The knob assembly of this invention, with the torque override feature, can be retrofit onto an existing control handle in place of a standard knob assembly. Only the mechanism that includes the knob 16 or 17 with insert 21, the hub member 22, the spring 23, and the nut 24 need be changed. This retrofit can be carried out in the field, i.e., by the customer if necessary.
Of course, the torque override feature is not limited to applications with steerable probe devices such as that described here. In fact, this feature can be employed in a wide variety of applications where there is a hand-rotated knob drive, and where a torque limit must be observed.
While this invention has been described in detail with reference to selected preferred embodiments, the invention is not limited to those embodiments. Rather many modifications and variations will present themselves to persons skilled in this art without departure from the scope and spirit of this invention, as defined in the appended claims.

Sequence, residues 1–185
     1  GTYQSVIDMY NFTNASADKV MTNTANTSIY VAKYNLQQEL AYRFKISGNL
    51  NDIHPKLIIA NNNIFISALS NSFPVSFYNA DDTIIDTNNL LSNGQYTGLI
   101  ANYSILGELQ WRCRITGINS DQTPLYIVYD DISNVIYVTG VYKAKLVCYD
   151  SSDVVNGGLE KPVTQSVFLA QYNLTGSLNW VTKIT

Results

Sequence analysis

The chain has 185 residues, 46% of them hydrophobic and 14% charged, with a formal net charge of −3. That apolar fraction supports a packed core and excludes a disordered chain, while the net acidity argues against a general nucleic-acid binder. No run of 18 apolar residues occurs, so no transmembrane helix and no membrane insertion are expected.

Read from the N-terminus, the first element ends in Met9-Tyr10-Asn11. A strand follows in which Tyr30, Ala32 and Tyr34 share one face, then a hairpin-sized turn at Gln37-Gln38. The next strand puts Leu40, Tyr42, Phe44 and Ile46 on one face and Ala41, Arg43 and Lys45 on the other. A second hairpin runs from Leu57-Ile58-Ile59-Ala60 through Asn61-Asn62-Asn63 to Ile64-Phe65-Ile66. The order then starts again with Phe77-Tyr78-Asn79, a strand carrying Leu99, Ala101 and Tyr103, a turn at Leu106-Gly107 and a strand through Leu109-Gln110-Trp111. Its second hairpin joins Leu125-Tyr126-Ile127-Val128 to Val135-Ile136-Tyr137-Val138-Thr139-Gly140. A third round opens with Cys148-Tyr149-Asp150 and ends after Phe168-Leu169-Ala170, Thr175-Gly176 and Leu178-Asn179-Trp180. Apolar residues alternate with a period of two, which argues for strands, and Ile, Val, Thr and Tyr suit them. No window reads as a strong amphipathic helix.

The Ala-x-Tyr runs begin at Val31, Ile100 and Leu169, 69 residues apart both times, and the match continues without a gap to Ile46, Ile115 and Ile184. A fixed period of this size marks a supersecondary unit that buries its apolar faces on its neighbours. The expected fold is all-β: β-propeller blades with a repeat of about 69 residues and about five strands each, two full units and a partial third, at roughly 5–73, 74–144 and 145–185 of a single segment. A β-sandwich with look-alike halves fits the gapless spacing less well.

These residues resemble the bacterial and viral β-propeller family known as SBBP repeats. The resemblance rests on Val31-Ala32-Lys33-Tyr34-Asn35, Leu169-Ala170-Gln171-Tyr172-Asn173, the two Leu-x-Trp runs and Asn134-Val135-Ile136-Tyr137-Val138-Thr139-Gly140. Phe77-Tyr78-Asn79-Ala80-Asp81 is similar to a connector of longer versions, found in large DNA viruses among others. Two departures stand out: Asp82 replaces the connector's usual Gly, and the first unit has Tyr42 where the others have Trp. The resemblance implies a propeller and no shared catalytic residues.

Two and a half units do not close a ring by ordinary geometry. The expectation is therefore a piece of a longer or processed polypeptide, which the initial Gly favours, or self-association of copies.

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|U.S. Classification||600/148, 600/146|
|International Classification||A61B1/005, B25B23/14|
|Cooperative Classification||B25B23/141, A61B1/0052|
|European Classification||B25B23/14C, A61B1/005B4|
|May 16, 1994||AS||Assignment|
Owner name: WELCH ALLYN INC., NEW YORK
Free format text: ASSIGNMENT OF ASSIGNORS INTEREST;ASSIGNORS:KRAUTER, ALLAN I.;KEHOSKI, MICHAEL;VIVENZIO, ROBERT;REEL/FRAME:007003/0966
Effective date: 19940428
|Apr 1, 1997||CC||Certificate of correction|
|Sep 3, 1999||FPAY||Fee payment|
Year of fee payment: 4
|Sep 24, 2003||REMI||Maintenance fee reminder mailed|
|Mar 5, 2004||LAPS||Lapse for failure to pay maintenance fees|
|May 4, 2004||FP||Expired due to failure to pay maintenance fee|
Effective date: 20040305